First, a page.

Razer’s Project Hazel is a N95 respirator that can project your voice

Razer claims to have made the world’s smartest mask: its new reusable N95 respirator called Project Hazel. It’s a concept design with a glossy outside shell made of waterproof and scratch-resistant recycled plastic, which is transparent to allow for lip-reading and seeing facial cues when you chat with people.

Currently, there isn’t a price or release date attached. Razer refers to Project Hazel as a surgical N95, but it hasn’t yet earned any of the necessary approvals and certifications from the Food and Drug Administration, the Centers for Disease Control and Prevention, or Occupational Safety and Health Administration. In a statement to The Verge, Razer said it is working with a team of medical experts and scientists who are helping to develop the mask.

The main features of this mask lie within its two circular zones that flank your mouth. They’re used for ventilation, giving the device an almost futuristic gas mask look. Razer claims Project Hazel will use active disc-type ventilators, filtering air that’s breathed in, as well as the CO2 that’s being exhaled. The company adds that it will be certified to filter 95 percent of airborne particles, including the COVID-19 virus and other common pathogens.

These ventilators are detachable and rechargeable, though Razer is still hammering out the details on two very important factors: how long they’ll be effective and how Razer will alert the user when it’s time for a new one. A spokesperson told The Verge that the ventilators’ longevity is still being tested, and when the filters need to be changed, Razer envisions users being notified via a mobile companion app.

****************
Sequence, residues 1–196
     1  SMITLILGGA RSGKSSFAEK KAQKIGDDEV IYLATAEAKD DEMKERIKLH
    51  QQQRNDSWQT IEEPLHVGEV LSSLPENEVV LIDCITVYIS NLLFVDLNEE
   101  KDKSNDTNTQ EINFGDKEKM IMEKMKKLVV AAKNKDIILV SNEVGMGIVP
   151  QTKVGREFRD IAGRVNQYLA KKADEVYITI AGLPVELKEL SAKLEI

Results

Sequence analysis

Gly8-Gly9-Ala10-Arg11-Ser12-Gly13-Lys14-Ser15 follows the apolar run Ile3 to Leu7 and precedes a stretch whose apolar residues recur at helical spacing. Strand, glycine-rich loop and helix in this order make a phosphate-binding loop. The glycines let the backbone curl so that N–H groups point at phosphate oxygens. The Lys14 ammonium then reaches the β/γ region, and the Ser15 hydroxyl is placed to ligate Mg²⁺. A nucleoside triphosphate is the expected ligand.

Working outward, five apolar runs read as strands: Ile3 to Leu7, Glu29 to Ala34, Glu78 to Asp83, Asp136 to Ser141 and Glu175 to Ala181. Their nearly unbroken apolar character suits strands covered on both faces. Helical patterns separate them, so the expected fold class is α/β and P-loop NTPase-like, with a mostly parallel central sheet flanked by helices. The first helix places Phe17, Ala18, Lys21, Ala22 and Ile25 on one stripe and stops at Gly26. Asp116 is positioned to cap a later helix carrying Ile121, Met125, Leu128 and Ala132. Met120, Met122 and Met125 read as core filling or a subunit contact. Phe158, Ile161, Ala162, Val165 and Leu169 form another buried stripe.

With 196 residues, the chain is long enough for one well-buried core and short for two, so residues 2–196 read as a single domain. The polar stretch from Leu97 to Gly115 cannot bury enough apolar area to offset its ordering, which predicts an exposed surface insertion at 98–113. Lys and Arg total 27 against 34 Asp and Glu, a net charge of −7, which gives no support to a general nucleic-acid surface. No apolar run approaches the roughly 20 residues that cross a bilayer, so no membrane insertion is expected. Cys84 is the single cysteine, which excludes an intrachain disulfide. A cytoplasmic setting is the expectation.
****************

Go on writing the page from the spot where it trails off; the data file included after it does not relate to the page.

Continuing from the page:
Microphones and amplifiers embedded in the ventilators will project your voice through the mask, so you won’t have to worry about sounding muffled. We haven’t seen this in action yet or had the chance to try it out ourselves. Razer told us that it’s working with THX sound engineers to find a balance in terms of how loud the speakers should be for accessibility purposes.

Razer asserts that Project Hazel is comfortable despite all of the tech inside. The mask makes a seal around your nose and chin with a silicon guard, and it uses adjustable ear loops so that most people should be able to find the right fit (though it is likely quite a bit heavier than your average mask).

Of course, this wouldn’t be a modern Razer product if it didn’t support Chroma RGB LEDs. Each of the respirator-meets-amplifier rings can glow in the color of your choosing. And when it gets dark, a set of LEDs activate automatically to shine light on your mouth so others can still see you talk. It’s tough to tell just how effective these LEDs will be in fully illuminating your mouth, but they may be helpful nevertheless.

Razer Project Hazel

The LEDs automatically switch on inside of the mask once it’s dark out.
Image: Razer

Razer envisions that each Project Hazel mask will include a large charging case that sterilizes the mask with UV light when it’s not in use, although this is still in the concept stage.

Most of us already have countless masks, but there’s certainly a place for Project Hazel in the world — if it ever comes out.

Razer Project Brooklyn

The rollout OLED is a great idea, but it’s just an idea for now.
Image: Razer

Razer has one more announcement for CES 2021, and it’s purely conceptual. It’s called Project Brooklyn, and (since you can’t tell from the name) it’s a high-end gaming chair with built-in haptics and a rollout curved OLED screen. Theoretically, it supports inputs from all of your gaming sources, making it the ultimate game station. But without an in-person CES, it seems like Razer didn’t feel the need to churn out a physical mockup of Project Brooklyn. We’ll see if some aspects of this idea make it into future products; the rumbling haptics seem like the most practical components.

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